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Can Sparse OBN Equal Savings and Data Quality?

One way to decrease the cost and time of seismic data acquisition is to design sparser surveys by decimating the number of shots and receivers used. The tradeoffs associated with such decimations are investigated further here, using ocean-bottom node (OBN) data from a complex geological setting in a pre-salt play of the Santos Basin, offshore Brazil.
This article appeared in Vol. 18, No. 4 - 2021

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Can Sparse OBN Equal Savings and Data Quality?

Depressed demand for oil and gas due to the pandemic, as well as commitments to honor the goals of the Paris Climate Accord, continue to place pressure on oil and gas companies to decrease costs and capital expense in order to deliver value to shareholders. In exploration, drastic budget cuts took place, limiting exploration to nearfield and lower cost development opportunities. However, to exploit these nearfield opportunities efficiently, high-quality seismic data is necessary. Typically, higher quality seismic is associated with tighter acquisition geometries or acquisition types such as ocean-bottom nodes, in order to capture broader frequency spectra, longer offsets and richer azimuthal coverage. However, these qualities usually come with a higher price. One way to decrease the cost and time of seismic data acquisition is to design sparser surveys by decimating the number of shots and receivers used. To understand the tradeoffs of such decimations, we used ocean-bottom node data from a complex geological setting in a pre-salt play of the Santos Basin, offshore Brazil to compare how different geometries might impact the ability to build accurate velocity models.

Geology

The study area is in ultradeep waters (2 km) of the Santos Basin and the geology is comprised of a 2–4 kilometer-thick sequence of mostly clastic sedimentary rocks overlaying evaporite layers and thick salt comprised mostly of halite, with secondary intervals of anhydrite, gypsum, tachyhydrite and carnalite. These salt layers have a complex structural history and may form massive heterogeneous bodies up to 3 kilometers thick, displaying a complex array of folds, faulting, overhangs and mini-basins. Below these units, the pre-salt is comprised of syn-rift sequences of clastic sediments, basalts, carbonates and evaporites, which include reservoir rocks (Carlotto et al., 2017).

Method

The ocean-bottom node dataset used has approximately 3,000 nodes deployed on a 500m by 500m regular spacing grid, and shots on a 50m by 50m carpet grid. This design yielded rich azimuth data coverage with offsets as long as 27 km, and thus provided an excellent dataset to conduct our analysis. 

For this analysis, we tested three scenarios, each representing a different shot and receiver decimation from the original survey, to understand the effects of such decimations for velocity model building with a fully automated workflow. The workflow solely uses full-waveform inversion (FWI) for the estimation of velocities, with the exact same inversion parameters for each scenario. Thus, each scenario utilizes the same initial velocity model which is a smooth model with no information related to the position of geobodies, and the same data-derived source wavelet.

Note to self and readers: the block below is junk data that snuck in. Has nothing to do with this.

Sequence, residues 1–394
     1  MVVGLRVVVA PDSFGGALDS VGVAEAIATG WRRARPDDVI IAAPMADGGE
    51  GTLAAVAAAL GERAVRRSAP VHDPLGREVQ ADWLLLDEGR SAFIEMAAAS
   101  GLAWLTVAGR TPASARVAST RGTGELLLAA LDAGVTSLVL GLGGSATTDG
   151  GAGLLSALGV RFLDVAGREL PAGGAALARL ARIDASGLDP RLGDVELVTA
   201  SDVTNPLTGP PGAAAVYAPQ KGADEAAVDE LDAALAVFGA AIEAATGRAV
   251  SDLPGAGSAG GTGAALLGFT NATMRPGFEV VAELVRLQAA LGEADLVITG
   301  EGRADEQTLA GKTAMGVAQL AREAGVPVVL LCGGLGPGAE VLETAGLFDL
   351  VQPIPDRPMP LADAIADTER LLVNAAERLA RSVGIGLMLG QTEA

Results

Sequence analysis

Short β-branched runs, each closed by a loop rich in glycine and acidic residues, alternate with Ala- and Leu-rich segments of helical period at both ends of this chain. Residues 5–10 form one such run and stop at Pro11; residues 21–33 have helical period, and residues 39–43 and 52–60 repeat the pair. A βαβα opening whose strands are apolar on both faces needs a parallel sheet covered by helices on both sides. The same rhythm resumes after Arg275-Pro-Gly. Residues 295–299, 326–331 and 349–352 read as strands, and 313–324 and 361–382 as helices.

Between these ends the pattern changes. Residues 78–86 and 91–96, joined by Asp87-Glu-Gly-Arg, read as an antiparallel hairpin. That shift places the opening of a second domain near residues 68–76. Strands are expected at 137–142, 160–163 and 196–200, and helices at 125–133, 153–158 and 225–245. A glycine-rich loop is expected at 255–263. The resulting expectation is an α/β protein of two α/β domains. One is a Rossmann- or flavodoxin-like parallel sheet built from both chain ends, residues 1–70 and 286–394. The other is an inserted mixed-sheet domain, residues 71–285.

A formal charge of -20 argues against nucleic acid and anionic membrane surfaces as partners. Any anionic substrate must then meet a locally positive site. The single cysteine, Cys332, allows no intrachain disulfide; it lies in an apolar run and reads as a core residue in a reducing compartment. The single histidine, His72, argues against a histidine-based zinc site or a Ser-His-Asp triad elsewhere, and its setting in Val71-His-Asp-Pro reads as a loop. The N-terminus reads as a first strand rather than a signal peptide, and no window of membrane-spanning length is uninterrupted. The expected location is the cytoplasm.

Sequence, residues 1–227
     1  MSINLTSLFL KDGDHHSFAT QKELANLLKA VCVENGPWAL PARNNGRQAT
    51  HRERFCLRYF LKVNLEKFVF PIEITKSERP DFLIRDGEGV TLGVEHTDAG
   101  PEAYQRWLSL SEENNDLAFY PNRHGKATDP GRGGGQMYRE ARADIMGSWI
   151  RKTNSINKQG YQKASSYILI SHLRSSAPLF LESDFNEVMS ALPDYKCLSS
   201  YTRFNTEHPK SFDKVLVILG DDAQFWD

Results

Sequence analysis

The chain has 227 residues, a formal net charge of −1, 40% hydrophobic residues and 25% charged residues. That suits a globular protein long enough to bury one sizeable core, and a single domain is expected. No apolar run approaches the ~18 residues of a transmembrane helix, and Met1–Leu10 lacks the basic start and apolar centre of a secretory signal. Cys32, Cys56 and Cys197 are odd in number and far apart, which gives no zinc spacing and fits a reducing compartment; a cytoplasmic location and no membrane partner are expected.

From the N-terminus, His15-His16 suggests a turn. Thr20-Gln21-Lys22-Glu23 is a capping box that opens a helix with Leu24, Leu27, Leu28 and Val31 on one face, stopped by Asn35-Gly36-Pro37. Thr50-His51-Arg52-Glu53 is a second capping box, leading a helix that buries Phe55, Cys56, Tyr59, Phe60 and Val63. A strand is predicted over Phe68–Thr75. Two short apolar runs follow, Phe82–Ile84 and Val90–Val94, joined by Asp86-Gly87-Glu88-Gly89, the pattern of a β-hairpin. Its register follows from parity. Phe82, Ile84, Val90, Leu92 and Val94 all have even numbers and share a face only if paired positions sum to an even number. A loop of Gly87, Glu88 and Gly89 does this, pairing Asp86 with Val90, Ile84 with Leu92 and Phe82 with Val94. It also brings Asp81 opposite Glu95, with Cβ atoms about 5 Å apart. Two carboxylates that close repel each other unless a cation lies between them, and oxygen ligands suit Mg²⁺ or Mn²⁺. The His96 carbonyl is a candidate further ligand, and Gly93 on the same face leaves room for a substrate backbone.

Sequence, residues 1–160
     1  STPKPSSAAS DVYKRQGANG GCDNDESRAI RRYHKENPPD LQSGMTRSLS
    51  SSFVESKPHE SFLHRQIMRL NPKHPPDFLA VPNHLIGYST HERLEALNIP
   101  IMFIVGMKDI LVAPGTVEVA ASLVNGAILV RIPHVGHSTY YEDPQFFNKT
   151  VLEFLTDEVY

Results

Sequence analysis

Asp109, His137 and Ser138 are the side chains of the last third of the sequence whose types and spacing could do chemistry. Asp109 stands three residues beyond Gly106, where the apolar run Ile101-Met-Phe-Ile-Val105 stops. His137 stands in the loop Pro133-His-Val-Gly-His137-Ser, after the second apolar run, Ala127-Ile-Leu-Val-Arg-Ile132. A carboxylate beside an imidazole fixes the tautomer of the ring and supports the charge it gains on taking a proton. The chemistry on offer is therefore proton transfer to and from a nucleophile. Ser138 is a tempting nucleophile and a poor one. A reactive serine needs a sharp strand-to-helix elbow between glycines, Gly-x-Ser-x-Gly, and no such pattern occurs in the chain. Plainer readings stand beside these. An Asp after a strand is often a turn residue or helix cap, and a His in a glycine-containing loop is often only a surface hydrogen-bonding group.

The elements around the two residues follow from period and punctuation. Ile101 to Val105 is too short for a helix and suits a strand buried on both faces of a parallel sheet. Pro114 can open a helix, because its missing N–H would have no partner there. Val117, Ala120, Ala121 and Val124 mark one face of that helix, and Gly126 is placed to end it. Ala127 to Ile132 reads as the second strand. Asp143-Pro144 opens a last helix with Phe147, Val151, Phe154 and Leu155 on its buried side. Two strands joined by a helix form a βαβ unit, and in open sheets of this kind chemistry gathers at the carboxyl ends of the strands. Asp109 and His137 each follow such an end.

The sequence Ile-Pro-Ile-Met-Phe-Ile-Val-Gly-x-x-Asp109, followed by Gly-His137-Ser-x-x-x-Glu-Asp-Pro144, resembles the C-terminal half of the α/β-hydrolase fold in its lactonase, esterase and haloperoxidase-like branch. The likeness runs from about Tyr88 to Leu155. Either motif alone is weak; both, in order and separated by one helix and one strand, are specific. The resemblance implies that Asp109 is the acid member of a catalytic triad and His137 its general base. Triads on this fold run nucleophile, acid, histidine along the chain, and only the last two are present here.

The velocity estimation workflow is comprised of two different full-waveform inversion methods that use a cost function that emphasizes travel time differences between field and synthetic data to help prevent cycle skipping (Wang et al., 2019). For the initial iterations, only first-arrival events were modeled and matched to the real data, an approach akin to that described in the work by Sheng et al. (2006). Once the first arrival or FAFWI converged to a solution for relatively low frequencies, first arrivals and wide-angle reflections were also targeted using travel-time FWI (TTFWI). In TT FWI, a cross-correlation of local time windows was used to estimate the difference in time between the two datasets. Both FAFWI and TTFWI use a hierarchical scheme in frequency, starting from the lowest possible frequencies (<3 Hz) and progressing to a high frequency limit (5.5 Hz), at intervals of 0.5 Hz, designed to gradually build the velocity model from low to high wavenumbers (e.g., Virieux and Operto, 2009). We note that the velocity model building workflow did not include interpretation of high-contrast interfaces such as the top and base of salt bodies, in an attempt to use a data driven approach to model building, based on the high quality, long offset data.

In the first test, we used the original geometry of the OBN survey, nodes distributed on 500m by 500m grid and shots in a 50m by 50m carpet geometry; in the second, nodes were decimated to a 1 km by 1 km grid, while the shots were in a 100m by 300m carpet; in the third, nodes were further decimated to a 2 km by 2 km grid, whereas shots were kept in the same 100m by 300m configuration.

Results

We illustrate the quality of the models obtained for each of the three scenarios above in two ways. First, we compare the models against a higher-grade velocity model (labeled as ‘Final model’). The final model is an accurate and matured velocity model, derived mostly from FWI from diving waves and wide angle reflections in the data, tomography iterations interleaved with subsequent iterations of FWI, and model refinement that used a top of salt horizon and well constraints. This model is not used for estimation of the velocity for the three described scenarios. We compare the migrated stacks obtained from prestackdepth migration of a legacy streamer dataset from the same area for the final model and each of the tested scenarios.

  • Figure 1: (a) Final ‘reference’ velocity model (b) FWI model for 50 x 50m shot spacing and 500 x 500m receiver spacing; (c) FWI model for 100m x 300m shot spacing and 1 km x 1 km receiver spacing; and (d) FWI model for 100m x 300m shot spacing with 2 km x 2 km receiver spacing. The stack image corresponds to a stack obtained with the final model derived with the dense geometry.